ROMA

Last night I attended the special screening of ROMA, which also featured a Q&A with its award-winning director, Alfonso Cuarón. It was intense, intimate and immersive and provided an unexpected personal experience.

ROMA is a semi-autobiographical take on Cuarón’s upbringing in Mexico City, and follows the life of a live-in housekeeper to a middle-class family. So what does it have to do with me?

Well, I am the same age as Cuarón (i.e. 57) and I could see my own childhood being presented in ROMA, even if our homes were located half a world away. The buildings, the street scenes, the fashion – everything was so familiar, it was quite eerie.

Now, of course, ROMA is backed by Netflix and is intended for streaming but watching it in a cinema hall and on a big screen seemed like the only way ROMA should be seen.

The photographic details, the visceral sound design, the sophistication of the black and white grading – it had to be witnessed in all its glory and I can not help but feel that the impact of the film would be gravely diminished on a computer or phone screen.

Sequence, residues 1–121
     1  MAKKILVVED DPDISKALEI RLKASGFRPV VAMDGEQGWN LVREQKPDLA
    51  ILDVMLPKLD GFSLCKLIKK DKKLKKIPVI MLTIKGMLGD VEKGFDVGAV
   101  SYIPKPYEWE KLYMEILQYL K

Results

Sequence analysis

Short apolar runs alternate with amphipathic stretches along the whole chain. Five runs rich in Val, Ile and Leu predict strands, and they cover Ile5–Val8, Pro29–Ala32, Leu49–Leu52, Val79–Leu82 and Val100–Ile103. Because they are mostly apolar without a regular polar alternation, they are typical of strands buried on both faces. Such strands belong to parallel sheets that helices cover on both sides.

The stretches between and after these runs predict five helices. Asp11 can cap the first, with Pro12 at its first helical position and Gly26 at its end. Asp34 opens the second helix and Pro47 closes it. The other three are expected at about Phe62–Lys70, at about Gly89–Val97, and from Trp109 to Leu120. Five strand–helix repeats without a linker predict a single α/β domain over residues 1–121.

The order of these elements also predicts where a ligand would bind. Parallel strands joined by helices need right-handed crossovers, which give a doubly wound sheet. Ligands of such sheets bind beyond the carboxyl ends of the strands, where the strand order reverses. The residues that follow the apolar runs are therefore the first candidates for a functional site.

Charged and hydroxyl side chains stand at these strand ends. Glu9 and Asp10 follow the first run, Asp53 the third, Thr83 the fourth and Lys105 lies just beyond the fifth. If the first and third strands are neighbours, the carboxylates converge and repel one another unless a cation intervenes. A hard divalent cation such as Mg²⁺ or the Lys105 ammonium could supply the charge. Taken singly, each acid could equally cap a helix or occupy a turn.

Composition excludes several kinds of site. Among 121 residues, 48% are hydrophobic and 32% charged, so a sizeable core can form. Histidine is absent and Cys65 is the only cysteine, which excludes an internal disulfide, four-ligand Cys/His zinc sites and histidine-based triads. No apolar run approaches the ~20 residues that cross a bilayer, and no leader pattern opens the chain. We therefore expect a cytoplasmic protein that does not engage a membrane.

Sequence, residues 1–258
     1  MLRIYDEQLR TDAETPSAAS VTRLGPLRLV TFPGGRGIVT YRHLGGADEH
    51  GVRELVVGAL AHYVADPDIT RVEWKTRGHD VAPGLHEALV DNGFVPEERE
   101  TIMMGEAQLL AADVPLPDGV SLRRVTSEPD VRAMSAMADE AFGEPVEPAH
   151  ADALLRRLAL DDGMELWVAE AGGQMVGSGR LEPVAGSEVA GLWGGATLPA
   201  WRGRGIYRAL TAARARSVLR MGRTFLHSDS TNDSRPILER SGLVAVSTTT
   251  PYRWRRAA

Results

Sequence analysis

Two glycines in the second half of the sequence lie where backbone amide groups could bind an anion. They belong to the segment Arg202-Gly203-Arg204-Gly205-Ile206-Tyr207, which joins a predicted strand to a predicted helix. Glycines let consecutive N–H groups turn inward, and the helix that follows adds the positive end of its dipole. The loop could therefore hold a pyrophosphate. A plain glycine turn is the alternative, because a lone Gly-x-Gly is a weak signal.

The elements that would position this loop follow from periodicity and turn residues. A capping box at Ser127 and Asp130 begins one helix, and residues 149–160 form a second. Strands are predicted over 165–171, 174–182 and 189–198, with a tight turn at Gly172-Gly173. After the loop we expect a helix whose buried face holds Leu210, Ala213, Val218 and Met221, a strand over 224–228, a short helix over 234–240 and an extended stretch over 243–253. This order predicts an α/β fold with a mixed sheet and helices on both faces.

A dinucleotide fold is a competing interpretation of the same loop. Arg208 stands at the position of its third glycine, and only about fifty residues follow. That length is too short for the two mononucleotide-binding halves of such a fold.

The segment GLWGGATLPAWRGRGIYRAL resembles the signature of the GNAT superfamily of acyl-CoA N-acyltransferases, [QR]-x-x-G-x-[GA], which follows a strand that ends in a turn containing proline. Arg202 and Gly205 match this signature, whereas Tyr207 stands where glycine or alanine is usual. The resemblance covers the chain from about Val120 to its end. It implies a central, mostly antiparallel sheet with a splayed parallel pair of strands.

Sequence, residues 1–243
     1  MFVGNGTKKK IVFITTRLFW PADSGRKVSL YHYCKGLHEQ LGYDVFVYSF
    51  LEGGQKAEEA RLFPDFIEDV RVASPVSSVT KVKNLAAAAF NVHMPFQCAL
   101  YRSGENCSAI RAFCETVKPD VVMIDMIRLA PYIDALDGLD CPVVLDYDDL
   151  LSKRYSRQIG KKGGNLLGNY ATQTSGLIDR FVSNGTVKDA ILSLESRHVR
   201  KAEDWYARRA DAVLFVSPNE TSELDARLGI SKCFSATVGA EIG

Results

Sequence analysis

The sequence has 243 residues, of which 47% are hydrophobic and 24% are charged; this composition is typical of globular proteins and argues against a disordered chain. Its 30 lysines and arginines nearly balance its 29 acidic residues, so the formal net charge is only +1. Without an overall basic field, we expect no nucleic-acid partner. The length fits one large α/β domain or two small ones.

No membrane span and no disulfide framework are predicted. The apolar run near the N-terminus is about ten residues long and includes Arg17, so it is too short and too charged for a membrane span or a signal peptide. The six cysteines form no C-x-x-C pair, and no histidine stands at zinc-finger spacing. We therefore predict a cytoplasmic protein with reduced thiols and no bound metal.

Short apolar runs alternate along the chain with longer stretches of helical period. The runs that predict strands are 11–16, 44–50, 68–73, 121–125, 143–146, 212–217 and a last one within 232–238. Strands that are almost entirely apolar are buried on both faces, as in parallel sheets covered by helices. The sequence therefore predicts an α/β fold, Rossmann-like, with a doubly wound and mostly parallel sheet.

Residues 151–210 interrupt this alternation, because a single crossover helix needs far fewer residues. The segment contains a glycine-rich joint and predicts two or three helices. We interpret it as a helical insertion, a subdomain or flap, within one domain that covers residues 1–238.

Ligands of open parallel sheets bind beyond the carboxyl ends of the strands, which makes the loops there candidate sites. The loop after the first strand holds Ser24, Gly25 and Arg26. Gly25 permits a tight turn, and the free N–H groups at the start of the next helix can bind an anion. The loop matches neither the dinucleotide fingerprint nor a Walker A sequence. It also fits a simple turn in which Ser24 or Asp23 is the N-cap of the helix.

The Q&A with Cuarón was predictably insightful, wonderfully facilitated by our very own Boo Junfeng. ROMA was certainly a labour of love for Cuarón and he exploited his commercial value after winning an Oscar for Gravity by making this personal film, instead of ‘furthering’ his career.

Cuarón deserves tremendous respect for taking the artistic route with ROMA and hopefully, he will receive as much praise and acclaim as he did for Children of Men and Gravity.

Naturally, I recommend ROMA to everyone who reads this review – it is a film that touches the heart for sure but more than that, it is a film that affirms the best artistic values of film, storytelling and the human experience.

A big gracias to Netflix and Singapore Film Society for making this special event possible.

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